How to have a healthy marriage when both people don't run
I asked nearly 20 friends, "What would be your relationship advice for the following statement: How to have a loving marriage (or serious relationship) when both people aren't runners." Based on my experience + all of the marriage tips I gathered, here are the top 4 most important insights: You're not just a runner (hashtagbalance ;) ) I'm putting this first because if you find yourself becoming upset or obsessive about your running, getting into fights with your spouse because of your [over]commitment to running, etc, then I suggest taking a step back before pointing a finger at your unsupportive partner. It is always a good idea to ask yourself, "Is too much of my identity found in my running/how fast I run/how far I run/etc?" I know this is a fine line. As runners we can get a little intense, and to be successful at anything, you must have dedication, but this should not come before your spouse or family. When I find myself getting out of balance, my husband will ask me this question in a loving way:
"Katie, if you had to give up running for the rest of your life starting tomorrow, could you do it?" If that answer is no, then I need to do some self-evaluating. We shouldn't be so attached to something that we couldn't live without it. My running does not define my self-worth.
Communicate your goals While the point above is primarily for the runner of the relationship, this one is for both partners. What are your passions? Your goals? What keeps you up at night? For my husband, he loves making furniture, going fly fishing, and he has a goal to have a career in the medical field. Make sure you and your partner communicate what it is you want to do with this passion of yours. Jon and I sit down twice a year and talk about what we want to do with our passions, from things as small as "I need to wake up early to run," to "this is what I want to accomplish in 5 years with my running." There are no gray areas. He is totally in the loop with me, and I am aware of his goals, too.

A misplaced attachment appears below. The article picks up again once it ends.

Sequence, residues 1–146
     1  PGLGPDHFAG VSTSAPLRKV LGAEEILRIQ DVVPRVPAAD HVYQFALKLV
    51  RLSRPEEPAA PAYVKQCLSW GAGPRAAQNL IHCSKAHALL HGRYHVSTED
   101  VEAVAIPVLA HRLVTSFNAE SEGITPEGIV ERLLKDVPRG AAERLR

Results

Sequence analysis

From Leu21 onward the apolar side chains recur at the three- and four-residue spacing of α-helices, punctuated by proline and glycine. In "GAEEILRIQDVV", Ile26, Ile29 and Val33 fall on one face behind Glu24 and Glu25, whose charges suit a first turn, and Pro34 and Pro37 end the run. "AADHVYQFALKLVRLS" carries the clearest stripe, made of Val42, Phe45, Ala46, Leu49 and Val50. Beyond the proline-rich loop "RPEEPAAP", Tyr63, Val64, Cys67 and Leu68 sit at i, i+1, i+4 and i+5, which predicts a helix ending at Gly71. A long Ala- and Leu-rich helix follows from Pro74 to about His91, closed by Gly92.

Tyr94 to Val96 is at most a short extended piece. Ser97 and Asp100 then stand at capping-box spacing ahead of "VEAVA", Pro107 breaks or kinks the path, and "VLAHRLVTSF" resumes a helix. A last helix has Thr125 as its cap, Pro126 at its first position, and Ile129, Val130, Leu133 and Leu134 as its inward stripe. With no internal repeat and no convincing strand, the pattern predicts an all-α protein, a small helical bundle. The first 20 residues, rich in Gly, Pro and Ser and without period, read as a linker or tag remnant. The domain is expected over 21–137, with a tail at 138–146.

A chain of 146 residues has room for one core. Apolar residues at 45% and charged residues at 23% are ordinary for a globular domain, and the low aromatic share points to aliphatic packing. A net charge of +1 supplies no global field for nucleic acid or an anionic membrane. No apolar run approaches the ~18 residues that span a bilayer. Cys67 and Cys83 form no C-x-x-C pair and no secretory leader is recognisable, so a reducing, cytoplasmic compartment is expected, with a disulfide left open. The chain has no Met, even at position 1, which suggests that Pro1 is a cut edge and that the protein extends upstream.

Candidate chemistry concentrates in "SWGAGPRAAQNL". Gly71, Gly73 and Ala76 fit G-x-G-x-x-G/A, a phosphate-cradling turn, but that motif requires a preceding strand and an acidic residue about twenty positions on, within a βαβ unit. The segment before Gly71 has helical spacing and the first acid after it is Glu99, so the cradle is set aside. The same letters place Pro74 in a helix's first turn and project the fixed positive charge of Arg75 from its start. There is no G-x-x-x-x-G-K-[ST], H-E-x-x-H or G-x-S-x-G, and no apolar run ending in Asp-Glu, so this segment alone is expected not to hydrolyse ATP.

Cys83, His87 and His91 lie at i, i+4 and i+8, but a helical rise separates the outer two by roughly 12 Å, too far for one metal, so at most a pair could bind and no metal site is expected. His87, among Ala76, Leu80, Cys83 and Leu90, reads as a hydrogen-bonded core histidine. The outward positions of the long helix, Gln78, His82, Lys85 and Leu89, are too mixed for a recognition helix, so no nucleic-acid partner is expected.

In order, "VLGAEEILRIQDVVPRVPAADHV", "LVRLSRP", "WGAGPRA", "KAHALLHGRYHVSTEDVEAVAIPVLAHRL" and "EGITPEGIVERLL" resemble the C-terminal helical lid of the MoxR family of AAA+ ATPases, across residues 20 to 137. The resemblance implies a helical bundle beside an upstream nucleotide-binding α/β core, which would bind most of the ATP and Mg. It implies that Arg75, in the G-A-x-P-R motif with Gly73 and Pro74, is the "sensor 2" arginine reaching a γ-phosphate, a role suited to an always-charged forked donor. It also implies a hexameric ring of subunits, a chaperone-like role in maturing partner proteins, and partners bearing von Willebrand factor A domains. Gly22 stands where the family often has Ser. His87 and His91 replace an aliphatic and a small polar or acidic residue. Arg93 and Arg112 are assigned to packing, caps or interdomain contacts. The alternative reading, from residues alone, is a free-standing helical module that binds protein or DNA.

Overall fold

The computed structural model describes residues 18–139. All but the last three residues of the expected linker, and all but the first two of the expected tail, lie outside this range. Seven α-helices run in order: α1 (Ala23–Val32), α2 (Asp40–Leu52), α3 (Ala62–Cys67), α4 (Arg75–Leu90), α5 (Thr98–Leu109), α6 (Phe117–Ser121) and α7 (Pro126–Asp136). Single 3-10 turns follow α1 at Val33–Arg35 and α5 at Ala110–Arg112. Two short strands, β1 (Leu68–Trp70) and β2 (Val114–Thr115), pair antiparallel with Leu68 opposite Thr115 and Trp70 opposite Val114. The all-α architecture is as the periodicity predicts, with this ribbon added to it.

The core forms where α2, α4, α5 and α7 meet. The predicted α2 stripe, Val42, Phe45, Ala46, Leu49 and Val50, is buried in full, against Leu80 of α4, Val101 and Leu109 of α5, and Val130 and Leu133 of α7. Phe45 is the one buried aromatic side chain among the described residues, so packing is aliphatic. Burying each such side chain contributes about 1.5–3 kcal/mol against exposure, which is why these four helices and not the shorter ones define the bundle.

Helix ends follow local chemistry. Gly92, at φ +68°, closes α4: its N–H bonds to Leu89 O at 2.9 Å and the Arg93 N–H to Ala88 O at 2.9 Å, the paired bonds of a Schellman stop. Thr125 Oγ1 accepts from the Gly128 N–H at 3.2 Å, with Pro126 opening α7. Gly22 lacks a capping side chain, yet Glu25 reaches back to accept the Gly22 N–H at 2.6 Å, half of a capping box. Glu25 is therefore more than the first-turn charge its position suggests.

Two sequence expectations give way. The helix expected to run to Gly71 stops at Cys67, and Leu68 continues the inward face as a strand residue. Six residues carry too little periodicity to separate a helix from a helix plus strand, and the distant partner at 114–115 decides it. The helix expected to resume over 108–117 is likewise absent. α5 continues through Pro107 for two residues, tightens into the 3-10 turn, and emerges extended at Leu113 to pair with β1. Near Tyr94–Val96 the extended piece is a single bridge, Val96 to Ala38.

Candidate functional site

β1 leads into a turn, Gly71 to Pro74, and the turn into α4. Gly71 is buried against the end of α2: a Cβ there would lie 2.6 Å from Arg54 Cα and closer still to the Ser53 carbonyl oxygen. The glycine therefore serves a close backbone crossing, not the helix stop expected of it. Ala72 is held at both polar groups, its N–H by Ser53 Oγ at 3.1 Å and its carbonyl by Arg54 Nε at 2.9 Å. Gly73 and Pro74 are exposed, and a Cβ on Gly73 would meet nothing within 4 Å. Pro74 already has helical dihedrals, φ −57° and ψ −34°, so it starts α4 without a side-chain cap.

Support each other's respective goals So you know each other's goals, now what? You become their biggest cheerleader! No, but really. This is where you can grow a strong marriage, or relationship problems can emerge. Your spouse has a big race coming up? Be there! I promise it means the world to them. One time Jon came straight from a 12 hour overnight hospital shift to watch me run a race. He was so sleep deprived, but he said he didn't want to miss it, and I so appreciated that. It can also be something small. He really wanted to attend a local fly-fishing class recently, and it was just half a day on a Saturday. Would I have preferred for us to hang out, go to brunch, and he be around to help with Emerson? Of course. But this was important to him, so I made sure to let him know, "Hey, I want you to be able to go to this class. I'll take care of Emerson, you go and have fun!"
Find common ground For Jon and I, we love camping and trying new restaurants! We also enjoy going on trips. He is understanding that I love to race while traveling, so I make sure to let him know I'm thinking of a race in a particular city (like our Los Angeles trip!), and then we will go travel, I'll get my race fix, and we both get to experience a new place! It can also be something as simple as having coffee together in the mornings. We both enjoy this, so I try to make a point to do this a few times a week. It means I need to run at night rather than the morning, or I need to get up earlier and be back at the house before he starts getting ready for work. It's worth the sacrifice, though! It's the little things :)
Is there something I didn't mention that you find important? What have you found to be the key to a solid relationship?